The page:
Bill Genereux has an interesting post about what he calls “The True Digital Divide.” He discusses in detail something I touched on in my presentation at GCTE. If we truly want students to engage with the technology and use the Web 2.0 tools available to them, we have to be leaders. We have to use the tools ourselves. If we want students to blog, we should be blogging. I think educators blogging could be a very positive form of transparency. In an age when people make a lot of assumptions about what is or is not happening in classrooms, often I think the teachers’ voices are missing, and blogging can be a positive platform to share what we are thinking and learning and doing. On the other hand, I think it has become for many teachers who blog a platform to complain. No doubt teaching is hard work, and sometimes it feels good to vent. I personally think blogging is a terrible platform for complaining. First, I don’t think most of us like to read it. Second, it’s just not wise; Regnef High School anyone? I am very interesting in posts and conversations that make me think. So yes, we need to be using the tools, for as Sheryl Nussbaum-Beach notes, “Technology will never replace teachers. However, teachers who know how to use technology effectively to help their students connect and collaborate together online will replace those who do not.“ And of course, Alfie Kohn reminds us that sticking techy labels on tired or misguided practices isn’t the answer either. Still, I think we’re moving into a positive direction when parents and students (as well as other teachers) can gain insight into what teachers are thinking and doing. I have actually noticed something interesting: students joke about Googling me and finding lots of links. I admit it’s true that I am in a lot of places online. But I encourage them to read it and tell me what they think. And when they do, they share their observations. It can be a good thing when students, parents, and colleagues get a glimpse into a teacher’s mind and like what they see. Transparency can foster reassurance.
Some of you may know I went to the annual GCTE (Georgia Council of Teachers of English) convention this weekend. It was great, but the numbers were down — probably the economy. I know lots of the schools systems have probably told teachers they would not pay to send them to conventions this year. For instance, my children’s system is not paying for field trips this year, so it may be they are also not paying for conventions. I presented a session on Using Blogs and Wikis for Professional Development. I was at first disappointed that it was somewhat sparsely attended, but I think that was the norm. Several sessions I attended were like that. I had six folks, which I think is just about what I had at GISA. It makes sense that the folks who attended the Folger TSI except for Mike LoMonico, who was awesome moral support, didn’t come as I had presented some of the technologies I shared with them over the summer. Lots of my fellow TSI participants were there, and it was good to see them again. I was also grateful that my friend and colleague Rebecca came to my session, even though she didn’t have to because she works with me, and I was thrilled to finally meet Clix after working with her online for a couple of years. She also came to my session even though she already knew everything I was sharing (thanks!). Aside from my three friends, I had three other attendees, and I hope they found it interesting and learned something they can use. I do think the presentation went well. I used Keynote instead of PowerPoint, and I basically wrote down everything I wanted to say in my notes and created the presentation from that so I could avoid crowding my slides. I’m learning! Keynote has such beautiful templates!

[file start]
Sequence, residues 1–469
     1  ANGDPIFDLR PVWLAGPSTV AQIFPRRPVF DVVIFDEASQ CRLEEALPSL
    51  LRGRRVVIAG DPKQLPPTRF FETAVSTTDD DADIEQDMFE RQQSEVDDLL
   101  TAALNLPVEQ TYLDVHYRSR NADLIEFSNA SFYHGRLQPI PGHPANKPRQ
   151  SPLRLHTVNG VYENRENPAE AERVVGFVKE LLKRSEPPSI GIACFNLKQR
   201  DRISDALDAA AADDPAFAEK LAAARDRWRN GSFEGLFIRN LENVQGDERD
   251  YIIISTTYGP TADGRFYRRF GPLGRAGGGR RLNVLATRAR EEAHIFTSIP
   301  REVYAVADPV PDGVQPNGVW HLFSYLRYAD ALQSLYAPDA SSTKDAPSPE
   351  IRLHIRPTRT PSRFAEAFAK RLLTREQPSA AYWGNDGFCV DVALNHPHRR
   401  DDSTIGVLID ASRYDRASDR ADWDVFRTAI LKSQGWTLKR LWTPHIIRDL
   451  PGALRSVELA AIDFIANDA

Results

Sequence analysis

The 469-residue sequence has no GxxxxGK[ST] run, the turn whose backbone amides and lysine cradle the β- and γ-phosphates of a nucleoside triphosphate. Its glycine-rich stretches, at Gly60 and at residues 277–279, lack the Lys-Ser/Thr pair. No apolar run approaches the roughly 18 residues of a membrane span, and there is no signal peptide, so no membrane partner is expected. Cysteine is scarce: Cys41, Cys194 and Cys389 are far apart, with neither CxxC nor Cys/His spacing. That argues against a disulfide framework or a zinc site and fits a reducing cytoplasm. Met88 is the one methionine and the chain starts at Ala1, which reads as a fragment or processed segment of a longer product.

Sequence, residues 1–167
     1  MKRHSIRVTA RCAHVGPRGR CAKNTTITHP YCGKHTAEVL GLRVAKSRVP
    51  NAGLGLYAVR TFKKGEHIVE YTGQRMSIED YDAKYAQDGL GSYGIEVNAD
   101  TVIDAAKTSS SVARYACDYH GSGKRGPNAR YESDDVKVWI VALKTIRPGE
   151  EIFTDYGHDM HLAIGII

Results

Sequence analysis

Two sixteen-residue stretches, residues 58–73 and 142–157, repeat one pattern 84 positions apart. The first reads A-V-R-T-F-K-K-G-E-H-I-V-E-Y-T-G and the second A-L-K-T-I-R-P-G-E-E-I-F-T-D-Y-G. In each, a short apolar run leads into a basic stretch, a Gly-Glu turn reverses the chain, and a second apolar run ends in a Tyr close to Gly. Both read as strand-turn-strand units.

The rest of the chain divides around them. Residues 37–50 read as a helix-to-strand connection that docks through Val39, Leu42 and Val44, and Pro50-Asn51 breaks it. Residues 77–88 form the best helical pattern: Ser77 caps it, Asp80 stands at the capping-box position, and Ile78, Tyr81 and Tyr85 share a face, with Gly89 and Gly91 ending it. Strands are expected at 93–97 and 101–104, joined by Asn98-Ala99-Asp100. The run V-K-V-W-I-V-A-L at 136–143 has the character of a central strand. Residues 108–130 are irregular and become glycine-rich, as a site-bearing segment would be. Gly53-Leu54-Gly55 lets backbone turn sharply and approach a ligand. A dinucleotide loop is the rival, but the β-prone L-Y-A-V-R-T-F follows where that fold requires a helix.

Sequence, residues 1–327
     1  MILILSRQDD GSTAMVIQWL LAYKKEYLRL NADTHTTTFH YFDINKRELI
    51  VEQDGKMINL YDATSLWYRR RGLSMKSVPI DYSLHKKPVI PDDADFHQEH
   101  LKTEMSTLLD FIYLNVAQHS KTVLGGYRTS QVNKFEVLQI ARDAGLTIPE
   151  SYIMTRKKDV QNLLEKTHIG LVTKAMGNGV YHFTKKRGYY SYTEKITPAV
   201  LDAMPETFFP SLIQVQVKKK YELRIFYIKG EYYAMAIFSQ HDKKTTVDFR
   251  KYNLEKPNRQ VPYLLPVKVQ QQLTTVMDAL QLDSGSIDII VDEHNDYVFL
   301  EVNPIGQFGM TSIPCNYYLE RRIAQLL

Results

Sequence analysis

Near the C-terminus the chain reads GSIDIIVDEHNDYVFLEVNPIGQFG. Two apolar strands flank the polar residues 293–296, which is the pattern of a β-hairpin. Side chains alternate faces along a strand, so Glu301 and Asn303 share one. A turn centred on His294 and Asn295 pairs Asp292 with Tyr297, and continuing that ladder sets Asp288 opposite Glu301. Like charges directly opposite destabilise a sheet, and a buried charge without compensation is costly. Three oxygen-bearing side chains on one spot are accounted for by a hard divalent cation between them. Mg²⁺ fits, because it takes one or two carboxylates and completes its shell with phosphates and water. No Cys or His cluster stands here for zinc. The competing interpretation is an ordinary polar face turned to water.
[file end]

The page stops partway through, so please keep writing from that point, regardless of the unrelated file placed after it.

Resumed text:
I went to Mike LoMonico’s Folger presentation, and it was good as always. Julie Rucker and I covered some of the same ground, but our focuses (foci, if you want to be a pedant) were different, and it was good to meet her as well. I also attended Buffy Hamilton’s presentation on multigenre research projects, and I am most excited to try one. Multigenre research projects are something I had heard about but didn’t know much about, so I saw Buffy’s presentation as a great opportunity to learn more. She created a fabulous wiki to share her presentation. I found it so inspiring; I think I’ll work some more on the wiki I created for mine.
Aside from the wonderful presentations, the best part of GCTE was seeing everyone again. Gerald Boyd, who is our state Language Arts Coordinator, used to be the Language Arts Coordinator for Houston County when I worked in that system, and we had crossed paths on several occasions. It was also good to see Peg Graham again, who was not my professor when I went to UGA, but whom I knew through my own professor. Of course, all the Folger folks were fun to see again. I also got to meet Jim Cope, with whom I have exchanged e-mails and who really saved my rear-end when he loaned me a cable I didn’t realize I had forgotten to pack.
I had a great time, and I hope Rebecca did, too. I feel excited and energized!